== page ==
BGR has so far explored a relatively small portion of the entire CCZ. The area is split up into 13 areas of exploration under the auspices of the International Seabed Authority (ISA); the licence areas are contracted from ISA by state-sponsored as well as private companies. BGR is currently contracting two areas: one roughly 56,000 square kilometres and the other about 19,000 square kilometres. Other companies include Marawa Research and Exploration Ltd. ­(Kiribati), China Ocean Mineral Resources Research and Development Association (China), Deep Ocean Resources Development Company (Japan), the Government of Korea, Institut français de recherche pour l’exploitation de la mer (France) and Nauru Ocean Resources (Nauru).

The millions of ferromanganese nodules scattered throughout this region are known to contain high levels of base metals: on average 25 per cent manganese and three per cent copper, nickel and cobalt. They are formed over millions of years by the accumulation of manganese and iron oxides in the surrounding water around a nucleus, precipitating out of relatively cold water onto hard rock substrates.

Thomas Kuhn, a colleague of Ruehlemann’s at BGR, says quantities of manganese, nickel, cobalt, molybdenum, yttrium and tellurium contained in nodules of the CCZ likely exceed current terrestrial reserves. However, he is quick to point out that the estimates of the quantity of elements are subject to a wider margin of error. “This is because the numbers for the CCZ nodules can only be classified as resources whereas the numbers for the terrestrial deposits are classified as reserves,” he says, explaining that terrestrial reserves can be mined under the current economic and technological conditions while the underwater nodules cannot.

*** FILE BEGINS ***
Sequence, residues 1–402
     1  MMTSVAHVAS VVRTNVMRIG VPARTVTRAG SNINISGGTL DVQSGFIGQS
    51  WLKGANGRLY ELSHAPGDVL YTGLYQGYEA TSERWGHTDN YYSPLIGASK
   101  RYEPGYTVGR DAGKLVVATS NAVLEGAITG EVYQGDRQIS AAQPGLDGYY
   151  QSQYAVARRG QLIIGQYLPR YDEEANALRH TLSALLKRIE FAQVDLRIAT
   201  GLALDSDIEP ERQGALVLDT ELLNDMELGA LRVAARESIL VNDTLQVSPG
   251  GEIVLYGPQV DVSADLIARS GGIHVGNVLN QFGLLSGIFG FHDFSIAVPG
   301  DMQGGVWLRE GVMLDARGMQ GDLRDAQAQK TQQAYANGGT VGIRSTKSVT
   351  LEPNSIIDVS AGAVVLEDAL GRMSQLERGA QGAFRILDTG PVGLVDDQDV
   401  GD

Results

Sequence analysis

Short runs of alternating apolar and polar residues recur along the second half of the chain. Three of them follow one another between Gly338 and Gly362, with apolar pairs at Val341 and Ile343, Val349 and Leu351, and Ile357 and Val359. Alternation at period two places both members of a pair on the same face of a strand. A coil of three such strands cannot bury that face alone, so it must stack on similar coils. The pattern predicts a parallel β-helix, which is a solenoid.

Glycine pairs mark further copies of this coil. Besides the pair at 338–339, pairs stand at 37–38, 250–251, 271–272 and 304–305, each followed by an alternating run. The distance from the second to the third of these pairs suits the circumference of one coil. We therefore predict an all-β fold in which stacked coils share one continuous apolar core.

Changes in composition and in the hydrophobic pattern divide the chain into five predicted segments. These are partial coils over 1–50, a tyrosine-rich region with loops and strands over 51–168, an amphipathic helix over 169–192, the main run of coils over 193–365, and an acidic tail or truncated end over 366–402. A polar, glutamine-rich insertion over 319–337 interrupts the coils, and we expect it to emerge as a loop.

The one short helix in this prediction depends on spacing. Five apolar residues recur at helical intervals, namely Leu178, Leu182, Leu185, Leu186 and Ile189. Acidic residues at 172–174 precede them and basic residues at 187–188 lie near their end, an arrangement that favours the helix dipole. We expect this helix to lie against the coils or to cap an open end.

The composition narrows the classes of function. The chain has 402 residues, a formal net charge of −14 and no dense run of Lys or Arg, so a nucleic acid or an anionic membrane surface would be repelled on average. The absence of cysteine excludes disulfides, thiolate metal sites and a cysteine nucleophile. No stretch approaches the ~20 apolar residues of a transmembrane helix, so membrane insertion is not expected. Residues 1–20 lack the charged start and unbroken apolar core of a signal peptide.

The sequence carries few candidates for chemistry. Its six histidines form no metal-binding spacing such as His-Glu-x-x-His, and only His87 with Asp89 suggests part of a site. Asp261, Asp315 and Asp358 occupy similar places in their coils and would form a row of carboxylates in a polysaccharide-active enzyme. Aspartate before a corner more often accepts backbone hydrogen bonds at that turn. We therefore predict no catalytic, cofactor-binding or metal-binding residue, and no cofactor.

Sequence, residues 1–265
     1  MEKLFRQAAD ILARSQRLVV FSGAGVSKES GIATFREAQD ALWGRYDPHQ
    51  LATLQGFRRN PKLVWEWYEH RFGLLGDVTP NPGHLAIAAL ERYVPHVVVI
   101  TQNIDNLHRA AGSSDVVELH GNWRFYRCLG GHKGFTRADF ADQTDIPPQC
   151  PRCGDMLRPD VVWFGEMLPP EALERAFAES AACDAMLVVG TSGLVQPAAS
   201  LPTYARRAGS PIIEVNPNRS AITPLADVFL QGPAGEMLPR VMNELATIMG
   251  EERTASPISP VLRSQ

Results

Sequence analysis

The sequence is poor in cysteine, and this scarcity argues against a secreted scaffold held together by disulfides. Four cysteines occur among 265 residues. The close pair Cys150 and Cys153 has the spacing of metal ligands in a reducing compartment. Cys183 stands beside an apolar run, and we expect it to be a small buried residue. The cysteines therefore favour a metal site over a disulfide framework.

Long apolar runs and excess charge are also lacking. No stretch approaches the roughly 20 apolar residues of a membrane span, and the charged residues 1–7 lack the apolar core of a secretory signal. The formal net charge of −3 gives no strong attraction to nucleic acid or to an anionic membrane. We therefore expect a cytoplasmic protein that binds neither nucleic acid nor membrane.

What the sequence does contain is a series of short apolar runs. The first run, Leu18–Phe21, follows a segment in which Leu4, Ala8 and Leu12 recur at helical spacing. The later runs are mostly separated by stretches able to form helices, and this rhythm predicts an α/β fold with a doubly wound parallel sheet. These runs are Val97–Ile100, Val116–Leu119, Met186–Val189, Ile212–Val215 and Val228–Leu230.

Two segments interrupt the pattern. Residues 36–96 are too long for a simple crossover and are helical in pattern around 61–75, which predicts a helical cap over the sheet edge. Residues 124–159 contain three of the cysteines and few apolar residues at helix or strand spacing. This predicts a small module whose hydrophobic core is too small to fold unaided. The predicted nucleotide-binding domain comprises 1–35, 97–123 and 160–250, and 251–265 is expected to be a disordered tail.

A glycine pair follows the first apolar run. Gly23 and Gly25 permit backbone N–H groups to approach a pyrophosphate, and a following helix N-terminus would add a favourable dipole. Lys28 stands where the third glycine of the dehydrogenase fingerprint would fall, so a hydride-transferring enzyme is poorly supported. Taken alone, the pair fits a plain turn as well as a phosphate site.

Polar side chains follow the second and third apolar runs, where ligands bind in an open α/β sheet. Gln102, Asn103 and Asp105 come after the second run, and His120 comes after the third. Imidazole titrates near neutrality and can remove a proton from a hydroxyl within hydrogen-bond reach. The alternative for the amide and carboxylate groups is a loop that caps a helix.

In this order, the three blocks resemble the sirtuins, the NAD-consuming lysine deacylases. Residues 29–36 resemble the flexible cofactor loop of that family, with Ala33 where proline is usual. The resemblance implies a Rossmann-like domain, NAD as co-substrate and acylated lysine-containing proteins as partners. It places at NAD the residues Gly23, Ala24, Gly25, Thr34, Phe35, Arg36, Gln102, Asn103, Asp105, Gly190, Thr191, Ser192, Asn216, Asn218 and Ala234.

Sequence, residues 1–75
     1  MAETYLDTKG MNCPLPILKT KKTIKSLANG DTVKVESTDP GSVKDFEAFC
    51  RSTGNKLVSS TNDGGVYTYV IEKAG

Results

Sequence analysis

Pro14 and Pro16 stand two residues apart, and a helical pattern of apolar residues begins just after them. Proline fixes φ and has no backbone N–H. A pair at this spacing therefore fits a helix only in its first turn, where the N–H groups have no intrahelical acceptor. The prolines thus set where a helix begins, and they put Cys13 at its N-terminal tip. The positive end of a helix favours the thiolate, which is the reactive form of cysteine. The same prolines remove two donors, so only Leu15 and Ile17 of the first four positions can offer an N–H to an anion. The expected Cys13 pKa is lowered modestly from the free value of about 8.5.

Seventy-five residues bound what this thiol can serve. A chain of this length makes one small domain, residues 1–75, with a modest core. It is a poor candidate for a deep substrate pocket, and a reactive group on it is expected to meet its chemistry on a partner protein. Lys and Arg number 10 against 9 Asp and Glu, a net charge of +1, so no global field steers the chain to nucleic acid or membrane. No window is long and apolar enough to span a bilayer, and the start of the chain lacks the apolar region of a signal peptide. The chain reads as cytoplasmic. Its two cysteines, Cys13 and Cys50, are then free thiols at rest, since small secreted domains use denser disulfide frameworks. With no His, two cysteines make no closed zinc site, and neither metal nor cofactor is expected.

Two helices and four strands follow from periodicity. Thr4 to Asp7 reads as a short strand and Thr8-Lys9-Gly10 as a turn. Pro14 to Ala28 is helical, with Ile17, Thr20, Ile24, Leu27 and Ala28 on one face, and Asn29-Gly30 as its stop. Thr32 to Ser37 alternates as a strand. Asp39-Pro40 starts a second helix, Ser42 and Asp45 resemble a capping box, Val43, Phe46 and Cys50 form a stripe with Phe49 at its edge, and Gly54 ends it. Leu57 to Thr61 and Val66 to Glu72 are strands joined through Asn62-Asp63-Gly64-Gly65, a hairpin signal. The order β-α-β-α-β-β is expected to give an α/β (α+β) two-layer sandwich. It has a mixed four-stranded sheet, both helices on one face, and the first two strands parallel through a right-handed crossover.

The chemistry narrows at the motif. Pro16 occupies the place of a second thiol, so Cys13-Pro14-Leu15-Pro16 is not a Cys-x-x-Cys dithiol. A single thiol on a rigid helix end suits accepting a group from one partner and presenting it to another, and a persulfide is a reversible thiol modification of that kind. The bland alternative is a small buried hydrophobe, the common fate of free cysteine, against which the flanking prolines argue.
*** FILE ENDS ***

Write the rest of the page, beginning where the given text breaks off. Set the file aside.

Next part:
Still, according to Kuhn, the value of the metals stashed away in the nodules is worth hundreds of billions of dollars. The total amount of nickel in the CCZ is worth an estimated US$35.7 billion, and copper an estimated US$15.6 billion.

Kuhn says he believes mining ferromanganese nodules would have a major impact on global metal prices. If mining activities were to start at the same time in all 13 licence areas in the CCZ and each produced two million tonnes of dry ore annually, he says the amount of manganese accumulated would represent 81 per cent of the current global market and the cobalt produced would represent 45 per cent. Nickel, the most economically valuable metal present in the nodules, would account for 23 per cent of the global market.

The next step

So far, the biggest economic potential comes from the high concentrations of manganese, nickel, cobalt and copper. While Kraemer’s research does give some hope that extracting other metals present in the nodules will be economically viable one day, Kuhn, who advised Kraemer and his colleagues on their work, says he believes the process is too expensive and unreliable for the time being: “At the moment, this method is only established in the lab and far from working at an industrial scale.”

BGR has been exploring its licence areas since 2006 and is planning to continue for the next seven years in greater detail. “We want to identify a field or explore a location or site within these larger areas where mining could actually start, and explore in such a detail that a mining company could start right then when we are finished,” says Ruehlemann. “That’s the next stage.”

Aker Solutions, a Norwegian technology provider working mainly in the oil and gas industry, has been working closely with BGR to develop a “mining concept.” The idea is to have a robot vehicle, or “crawler,” to collect ferromanganese nodules found along the bottom of the ocean. The nodules would be transported through flooded flexible pipe to the main vessel to be stored. The nodules would then be moved onshore for processing.

The German Ministry of Economics is currently in the process of tendering offers from mining companies interested in the area. Mining will not start any time soon, Ruehlemann says, adding, “I’m convinced that it will only come in the next 10 years or so.”

Whoever gets access to the German contract area is going to have to invest heavily in the project; Ruehlemann estimates that it will require a US$1 billion initial investment and around US$200 million in operating costs per year.